Peter explores real belter of a spot in Stanthorpe region
SOME years ago, as a fresh-faced young reporter, I was assigned to go to the Hunter Valley to speak with the winemakers about their latest vintages.
I can now be honest and say I knew nothing about wines other than one was white, one was red and there was one with bubbles.
The best piece of journalistic advice I ever received was to never be afraid to own up and admit that I knew nothing about the subject.
The reasoning behind that was if I didn't understand the subject, how could I explain it to readers.
So I started asking the winemakers the most basic of questions and instead of meeting ridicule, I was handed patient understanding.
Murray Tyrrell and Reg Drayton gave me hours of their time and those early visits to the Hunter ignited a passion for enjoying great wines.
That passion took me 20 years ago to the fledgling Granite Belt wine district.
It was a fun bus tour with friends and we enjoyed visiting the small wineries and the few cafes that existed back then.
I can't recall the quality of the wines, but I know they weren't to die for.
When I was invited back by Granite Belt Tourism this month, I really didn't know what to expect.
I had noted that some of the wineries were making their mark at national shows, but if you asked me to name three Granite Belt wineries, I would have struggled.
Not so any more. The wines being produced in this region stand up among the best in the land.
But it was not just the quality of the wine that won my family's heart.
The rugged beauty of the Stanthorpe region with granite boulders dotting the panorama as if they had cascaded out of a giant's bag of marbles gives the district a special appeal.
The air is clear and clean, and it's a great experience to roll leisurely along the well-maintained back dirt roads that take you from one vineyard to the next.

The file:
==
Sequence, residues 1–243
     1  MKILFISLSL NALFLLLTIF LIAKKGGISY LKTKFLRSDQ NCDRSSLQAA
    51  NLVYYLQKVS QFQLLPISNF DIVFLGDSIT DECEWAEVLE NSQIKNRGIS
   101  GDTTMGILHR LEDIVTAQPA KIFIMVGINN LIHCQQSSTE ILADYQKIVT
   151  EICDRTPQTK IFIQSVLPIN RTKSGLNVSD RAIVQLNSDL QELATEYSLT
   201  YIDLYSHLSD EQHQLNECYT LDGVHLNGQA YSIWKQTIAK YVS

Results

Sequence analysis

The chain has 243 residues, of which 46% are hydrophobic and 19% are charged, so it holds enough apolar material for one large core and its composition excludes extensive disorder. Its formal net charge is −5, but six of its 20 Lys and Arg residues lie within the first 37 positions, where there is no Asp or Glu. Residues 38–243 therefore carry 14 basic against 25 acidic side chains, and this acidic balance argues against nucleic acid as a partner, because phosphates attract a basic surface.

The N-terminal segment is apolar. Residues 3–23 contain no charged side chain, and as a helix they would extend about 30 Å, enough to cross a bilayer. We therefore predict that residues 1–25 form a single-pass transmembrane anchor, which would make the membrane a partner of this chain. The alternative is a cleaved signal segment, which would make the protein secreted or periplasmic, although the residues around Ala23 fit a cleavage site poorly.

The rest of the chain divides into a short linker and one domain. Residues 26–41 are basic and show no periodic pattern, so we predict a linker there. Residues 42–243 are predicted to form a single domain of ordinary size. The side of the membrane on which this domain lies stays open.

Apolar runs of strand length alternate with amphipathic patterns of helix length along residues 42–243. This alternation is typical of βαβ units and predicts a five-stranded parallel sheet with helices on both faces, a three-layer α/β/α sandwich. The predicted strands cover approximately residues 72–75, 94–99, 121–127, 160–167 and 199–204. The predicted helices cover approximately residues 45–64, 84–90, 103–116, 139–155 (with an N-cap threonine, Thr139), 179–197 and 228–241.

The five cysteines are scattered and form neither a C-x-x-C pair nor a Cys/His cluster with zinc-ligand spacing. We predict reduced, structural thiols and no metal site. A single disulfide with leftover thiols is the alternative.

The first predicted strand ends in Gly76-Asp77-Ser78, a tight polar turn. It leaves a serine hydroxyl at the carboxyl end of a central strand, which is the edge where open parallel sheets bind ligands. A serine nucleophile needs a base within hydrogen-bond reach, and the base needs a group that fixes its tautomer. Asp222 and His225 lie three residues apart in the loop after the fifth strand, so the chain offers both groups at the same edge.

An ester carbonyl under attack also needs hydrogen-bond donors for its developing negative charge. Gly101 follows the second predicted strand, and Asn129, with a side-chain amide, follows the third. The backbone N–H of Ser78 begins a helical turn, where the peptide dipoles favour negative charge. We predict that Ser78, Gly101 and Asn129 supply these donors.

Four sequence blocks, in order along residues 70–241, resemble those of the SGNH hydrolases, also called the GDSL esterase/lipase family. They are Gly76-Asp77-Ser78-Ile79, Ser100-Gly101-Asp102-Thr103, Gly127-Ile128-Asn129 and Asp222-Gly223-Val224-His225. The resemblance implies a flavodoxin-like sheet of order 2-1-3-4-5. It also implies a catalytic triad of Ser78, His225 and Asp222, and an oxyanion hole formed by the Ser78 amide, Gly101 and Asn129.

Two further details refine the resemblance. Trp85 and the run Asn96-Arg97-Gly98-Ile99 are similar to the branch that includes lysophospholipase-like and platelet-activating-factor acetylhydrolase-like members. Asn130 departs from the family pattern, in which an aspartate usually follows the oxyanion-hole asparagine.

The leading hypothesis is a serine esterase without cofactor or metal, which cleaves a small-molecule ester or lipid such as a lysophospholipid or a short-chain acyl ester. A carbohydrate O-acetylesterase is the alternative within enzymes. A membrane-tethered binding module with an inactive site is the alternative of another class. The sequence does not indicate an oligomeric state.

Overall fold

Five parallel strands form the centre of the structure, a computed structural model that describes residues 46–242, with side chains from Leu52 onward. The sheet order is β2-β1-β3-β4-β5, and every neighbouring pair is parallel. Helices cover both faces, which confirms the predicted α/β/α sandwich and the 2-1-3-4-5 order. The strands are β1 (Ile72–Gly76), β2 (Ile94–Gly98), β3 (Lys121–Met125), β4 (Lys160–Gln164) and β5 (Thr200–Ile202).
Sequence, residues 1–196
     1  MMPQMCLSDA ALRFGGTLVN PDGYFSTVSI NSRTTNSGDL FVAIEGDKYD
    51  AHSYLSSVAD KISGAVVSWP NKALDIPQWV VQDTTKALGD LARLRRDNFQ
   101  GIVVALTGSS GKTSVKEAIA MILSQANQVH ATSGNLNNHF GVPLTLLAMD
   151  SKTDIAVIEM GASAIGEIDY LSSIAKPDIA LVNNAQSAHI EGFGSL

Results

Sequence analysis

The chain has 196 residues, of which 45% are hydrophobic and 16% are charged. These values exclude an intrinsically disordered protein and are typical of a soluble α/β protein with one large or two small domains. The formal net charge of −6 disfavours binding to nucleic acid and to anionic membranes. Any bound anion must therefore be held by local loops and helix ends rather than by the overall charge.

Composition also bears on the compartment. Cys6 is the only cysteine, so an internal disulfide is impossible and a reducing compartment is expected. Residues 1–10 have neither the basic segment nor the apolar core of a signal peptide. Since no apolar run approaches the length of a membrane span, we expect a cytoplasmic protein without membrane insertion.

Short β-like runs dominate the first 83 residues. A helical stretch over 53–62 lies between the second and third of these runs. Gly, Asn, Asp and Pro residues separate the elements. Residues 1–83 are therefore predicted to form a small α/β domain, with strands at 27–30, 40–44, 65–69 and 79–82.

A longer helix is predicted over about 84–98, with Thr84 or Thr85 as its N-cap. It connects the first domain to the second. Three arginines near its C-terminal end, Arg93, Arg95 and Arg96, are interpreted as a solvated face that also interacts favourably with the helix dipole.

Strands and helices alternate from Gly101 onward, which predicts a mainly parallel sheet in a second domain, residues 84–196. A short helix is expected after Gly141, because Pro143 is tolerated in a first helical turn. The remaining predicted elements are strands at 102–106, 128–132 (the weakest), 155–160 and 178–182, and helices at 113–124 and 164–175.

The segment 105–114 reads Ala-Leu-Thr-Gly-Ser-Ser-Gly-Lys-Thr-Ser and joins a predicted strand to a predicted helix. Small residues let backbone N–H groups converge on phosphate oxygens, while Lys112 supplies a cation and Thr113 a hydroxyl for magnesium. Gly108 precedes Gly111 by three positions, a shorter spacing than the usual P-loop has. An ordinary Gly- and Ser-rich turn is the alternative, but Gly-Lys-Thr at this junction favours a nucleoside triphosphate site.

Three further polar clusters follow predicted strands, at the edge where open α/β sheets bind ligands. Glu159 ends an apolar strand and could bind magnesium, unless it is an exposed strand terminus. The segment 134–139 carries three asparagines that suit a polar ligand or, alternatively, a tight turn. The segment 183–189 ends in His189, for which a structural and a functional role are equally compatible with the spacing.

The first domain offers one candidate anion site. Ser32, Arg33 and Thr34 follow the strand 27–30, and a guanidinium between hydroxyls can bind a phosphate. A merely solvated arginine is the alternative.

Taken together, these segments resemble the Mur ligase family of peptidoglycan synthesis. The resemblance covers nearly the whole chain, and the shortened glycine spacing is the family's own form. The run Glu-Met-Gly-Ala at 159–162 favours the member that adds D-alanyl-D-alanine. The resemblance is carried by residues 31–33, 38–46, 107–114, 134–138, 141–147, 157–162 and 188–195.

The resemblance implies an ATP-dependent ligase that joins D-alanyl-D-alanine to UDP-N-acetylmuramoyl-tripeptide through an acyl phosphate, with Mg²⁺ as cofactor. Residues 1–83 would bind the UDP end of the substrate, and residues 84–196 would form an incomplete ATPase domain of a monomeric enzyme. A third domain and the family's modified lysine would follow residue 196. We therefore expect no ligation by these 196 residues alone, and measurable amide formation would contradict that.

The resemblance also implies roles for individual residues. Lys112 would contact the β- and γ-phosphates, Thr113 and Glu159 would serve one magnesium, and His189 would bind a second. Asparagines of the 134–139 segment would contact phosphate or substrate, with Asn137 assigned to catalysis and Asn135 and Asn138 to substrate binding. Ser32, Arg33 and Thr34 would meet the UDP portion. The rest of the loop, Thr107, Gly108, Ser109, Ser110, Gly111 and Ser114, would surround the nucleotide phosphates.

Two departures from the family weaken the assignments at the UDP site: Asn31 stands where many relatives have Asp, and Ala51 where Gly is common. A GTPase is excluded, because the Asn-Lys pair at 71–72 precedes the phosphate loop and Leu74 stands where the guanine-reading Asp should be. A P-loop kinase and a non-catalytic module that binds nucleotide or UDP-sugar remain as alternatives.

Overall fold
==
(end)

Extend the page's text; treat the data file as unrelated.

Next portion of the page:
We visited 12 wineries during our three-day stay.
If we had the staying power, we could have called in to 40.
What was great about the Hunter district decades ago was that when you pulled in to taste a wine, seven out of 10 times the winemaker would be there in the tasting room. And this is how it is in the Granite Belt.
The passion of the winemakers is on show and it gives an extra element to your trip.
You hear stories of why they mixed this grape with that, how they gave a wine a particular name and then you get to share their pride and joy.
From former school teachers to talented business leaders, they all turned their life upside down because they wanted to grow grapes. They talk about the hard work, but few lament it.
Accommodation of all shapes and sizes is offered there.
Harrington Glen Winery has even converted a railway carriage into a luxury unit for six, but modern comfortable cabins such as those at Ridgemill Estate are more the norm.
If you are looking to spoil yourself at a great restaurant, then you'll find one that fits the bill at Ballandean's Barrel Room which recently took out top gong at the 2012 Queensland Restaurant and Caterers award for best in a winery.
I came away making three promises. One, I would return to Stanthorpe soon with some friends.
Two, I would look to start enjoying the great drops I discovered there, and three, I would write a positive story so others may be inspired to visit.